Leggi in italiano

Scientist processing human tissue in insulator laboratory. Credit: Westend61/ Getty Images.

Advanced therapies such as gene therapy, stem cells, tissue engineering are a paradigm shift in medicine: instead of traditional treatments administered throughout life to control symptoms, they can address disease at its origin through a single administration.

Over the last decade, Italy has made a significant contribution to this field: of the 17 advanced therapies authorised to date in the European Union, four resulted from Italian academic research. Strimvelis, the first ex-vivo gene therapy approved worldwide in 2016 for the treatment of a rare genetic immunodeficiency (ADA-SCID1) and Libmeldy, the first ex-vivo gene therapy for a rare neurodegenerative disease2 approved in 2020 for metachromatic leukodystrophy, were developed at the San Raffaele-Telethon Institute for Gene Therapy in Milan. Similarly, Holoclar, a tissue therapy approved in 2015 for corneal repair in limbal cell deficiency due to chemical or physical burns, was developed at the University of Modena and Reggio Emilia3. The list also includes Zalmoxis, a cell therapy for blood cancers devised by a spin-off of the San Raffaele Scientific Institute in Milan, that received a conditional approval from the European Medicines Agency (EMA) in 2016, then withdrawn in 2019 when better alternatives became available.

According to the latest report of the Alliance for Regenerative Medicine, by the end of 2020 there were more than 1,200 clinical trials of cell or tissue gene therapies under way worldwide, of which around 150 were already in phase 3. Academic research has proved able to generate innovative advanced therapies that improve the lives of patients. For this to continue to happen, however, key changes are needed.

First, studies must be designed from the outset in translational terms. If the aim is not simply to publish in prestigious journals, but to contribute to the development of therapies that can fill medical needs, even academic studies must comply with the requirements of the regulatory authorities, in order to avoid wasting time and money. The data collected and the production protocols must not only be scientifically valid, but also traceable and reproducible.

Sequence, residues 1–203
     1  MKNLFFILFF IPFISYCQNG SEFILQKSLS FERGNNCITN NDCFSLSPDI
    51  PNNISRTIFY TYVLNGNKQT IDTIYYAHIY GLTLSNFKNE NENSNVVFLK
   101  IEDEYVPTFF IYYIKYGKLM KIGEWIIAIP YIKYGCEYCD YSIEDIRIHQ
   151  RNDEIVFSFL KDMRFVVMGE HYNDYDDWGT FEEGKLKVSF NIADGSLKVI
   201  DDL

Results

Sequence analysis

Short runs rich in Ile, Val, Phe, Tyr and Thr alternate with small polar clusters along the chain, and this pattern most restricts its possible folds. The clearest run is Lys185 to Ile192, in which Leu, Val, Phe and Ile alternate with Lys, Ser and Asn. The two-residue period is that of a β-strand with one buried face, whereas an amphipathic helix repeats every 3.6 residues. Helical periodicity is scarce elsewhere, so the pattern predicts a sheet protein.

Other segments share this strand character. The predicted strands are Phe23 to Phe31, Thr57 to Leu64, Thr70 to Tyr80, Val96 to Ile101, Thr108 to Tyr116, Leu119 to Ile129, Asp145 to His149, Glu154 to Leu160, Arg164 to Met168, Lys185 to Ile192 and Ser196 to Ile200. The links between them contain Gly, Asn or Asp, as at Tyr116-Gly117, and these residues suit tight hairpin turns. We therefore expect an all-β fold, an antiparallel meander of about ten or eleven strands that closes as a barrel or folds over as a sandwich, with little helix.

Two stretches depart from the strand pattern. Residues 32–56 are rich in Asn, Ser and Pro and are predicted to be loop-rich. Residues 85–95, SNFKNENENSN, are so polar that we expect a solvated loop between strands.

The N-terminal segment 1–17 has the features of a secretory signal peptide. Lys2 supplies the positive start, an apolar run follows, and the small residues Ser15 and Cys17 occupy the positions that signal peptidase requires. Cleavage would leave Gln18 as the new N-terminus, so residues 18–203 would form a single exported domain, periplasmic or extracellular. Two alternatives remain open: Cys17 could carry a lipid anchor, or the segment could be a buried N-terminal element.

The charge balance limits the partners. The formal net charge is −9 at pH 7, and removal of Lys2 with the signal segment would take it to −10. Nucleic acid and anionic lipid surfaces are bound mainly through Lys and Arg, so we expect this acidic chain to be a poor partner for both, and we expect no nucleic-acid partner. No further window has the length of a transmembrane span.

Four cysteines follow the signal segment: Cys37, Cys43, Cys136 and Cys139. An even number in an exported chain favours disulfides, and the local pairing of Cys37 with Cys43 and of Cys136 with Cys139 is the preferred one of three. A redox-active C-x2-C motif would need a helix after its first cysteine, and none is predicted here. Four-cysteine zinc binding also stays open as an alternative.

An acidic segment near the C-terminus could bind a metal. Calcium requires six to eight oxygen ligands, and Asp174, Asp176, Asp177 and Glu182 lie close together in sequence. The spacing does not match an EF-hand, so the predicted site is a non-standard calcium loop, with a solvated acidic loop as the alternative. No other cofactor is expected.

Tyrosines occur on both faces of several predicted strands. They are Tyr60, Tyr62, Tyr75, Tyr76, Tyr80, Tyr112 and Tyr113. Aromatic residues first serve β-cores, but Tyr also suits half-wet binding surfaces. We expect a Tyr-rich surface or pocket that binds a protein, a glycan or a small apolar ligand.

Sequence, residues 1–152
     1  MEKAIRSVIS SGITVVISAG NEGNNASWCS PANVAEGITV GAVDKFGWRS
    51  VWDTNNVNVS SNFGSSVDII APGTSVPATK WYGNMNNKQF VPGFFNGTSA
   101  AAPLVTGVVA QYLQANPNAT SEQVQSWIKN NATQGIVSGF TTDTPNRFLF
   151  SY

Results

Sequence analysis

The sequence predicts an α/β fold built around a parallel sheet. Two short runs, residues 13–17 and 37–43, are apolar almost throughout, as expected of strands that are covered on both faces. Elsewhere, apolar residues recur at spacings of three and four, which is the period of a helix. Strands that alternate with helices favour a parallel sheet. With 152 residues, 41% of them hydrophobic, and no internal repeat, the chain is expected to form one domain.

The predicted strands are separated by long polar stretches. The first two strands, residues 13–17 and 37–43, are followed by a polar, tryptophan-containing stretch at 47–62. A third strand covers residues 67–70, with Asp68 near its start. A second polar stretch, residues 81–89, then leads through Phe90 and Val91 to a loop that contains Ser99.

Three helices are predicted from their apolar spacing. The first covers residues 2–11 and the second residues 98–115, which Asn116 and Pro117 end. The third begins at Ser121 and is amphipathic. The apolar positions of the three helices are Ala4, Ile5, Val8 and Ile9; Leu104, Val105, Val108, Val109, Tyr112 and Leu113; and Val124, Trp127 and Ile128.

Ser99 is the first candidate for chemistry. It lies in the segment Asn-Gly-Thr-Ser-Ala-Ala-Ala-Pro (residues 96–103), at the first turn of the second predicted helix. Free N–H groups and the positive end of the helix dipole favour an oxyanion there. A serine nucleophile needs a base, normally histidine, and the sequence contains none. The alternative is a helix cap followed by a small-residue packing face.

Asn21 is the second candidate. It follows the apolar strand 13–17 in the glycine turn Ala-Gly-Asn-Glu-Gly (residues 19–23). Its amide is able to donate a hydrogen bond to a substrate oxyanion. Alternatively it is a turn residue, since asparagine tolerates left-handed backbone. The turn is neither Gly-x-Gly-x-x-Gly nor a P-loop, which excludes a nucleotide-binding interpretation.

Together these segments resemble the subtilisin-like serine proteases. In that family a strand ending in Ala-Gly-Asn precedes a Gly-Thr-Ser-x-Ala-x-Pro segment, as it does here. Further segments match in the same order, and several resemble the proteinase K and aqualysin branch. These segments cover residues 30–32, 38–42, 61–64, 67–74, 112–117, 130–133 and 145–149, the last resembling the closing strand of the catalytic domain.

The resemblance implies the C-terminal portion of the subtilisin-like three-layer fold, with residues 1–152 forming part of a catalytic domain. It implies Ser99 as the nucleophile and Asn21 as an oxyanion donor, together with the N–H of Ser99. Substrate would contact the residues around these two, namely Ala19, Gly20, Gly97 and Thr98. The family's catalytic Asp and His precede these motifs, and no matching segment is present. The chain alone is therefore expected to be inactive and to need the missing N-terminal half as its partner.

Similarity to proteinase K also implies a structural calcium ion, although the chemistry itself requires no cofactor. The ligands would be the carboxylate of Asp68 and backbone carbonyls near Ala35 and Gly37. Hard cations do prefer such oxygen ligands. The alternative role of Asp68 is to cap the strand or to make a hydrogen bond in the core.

The success of drug development also depends on early, constructive dialogue with regulatory authorities. In this sense, the EMA has made a great effort to offer small and medium enterprises, and academia, a dedicated channel to encourage the development of innovative therapies where there is a medical need. For its part, the academia should strengthen its expertise in areas such as technology transfer, pharmaceutical development and regulatory affairs with specialised personnel, so as to help researchers enhance the value of their research and set it up with a clear view on how to reach the market. For Europe, this is an opportunity not to be missed. Other areas of the world, first and foremost North America, are investing in a structured and far-sighted manner in the development of this new type of potentially transformative drugs, for example by streamlining regulatory paths, introducing tax relief for clinical trials, and creating economic incentives for the accelerated review of products.

Another important factor is production, which currently represents a bottleneck in terms of cost and availability: for Italian and European academia to continue to contribute to the field, it must equip itself with GMP (Good Manufacturing Practice) grade facilities or obtain access to existing facilities on sustainable terms. The COVID-19 pandemic has clearly highlighted the negative impact of Europe's lack of manufacturing self-sufficiency, which in recent years has allowed the production of drugs to be relocated to lower-cost regions.

On the other hand, the pandemic has also shown how bureaucratic and administrative simplification of regulatory processes can speed up clinical research, a crucial aspect in a global emergency such as this, but also in the case of orphan diseases. In Italy, in particular, a task force of experts and a dedicated ethics committee have been set up by Agenzia Italiana del Farmaco and by the Lazzaro Spallanzani National Institute of Infectious Diseases, to assess all the COVID-19 studies submitted, in the same way as the EMA's Committee for Advanced Therapies (CAT) does at a central level. This has allowed consistent and competent assessments and constant international comparison. Even after the pandemic, these measures will remain crucial in such a specific and complex area as advanced therapies.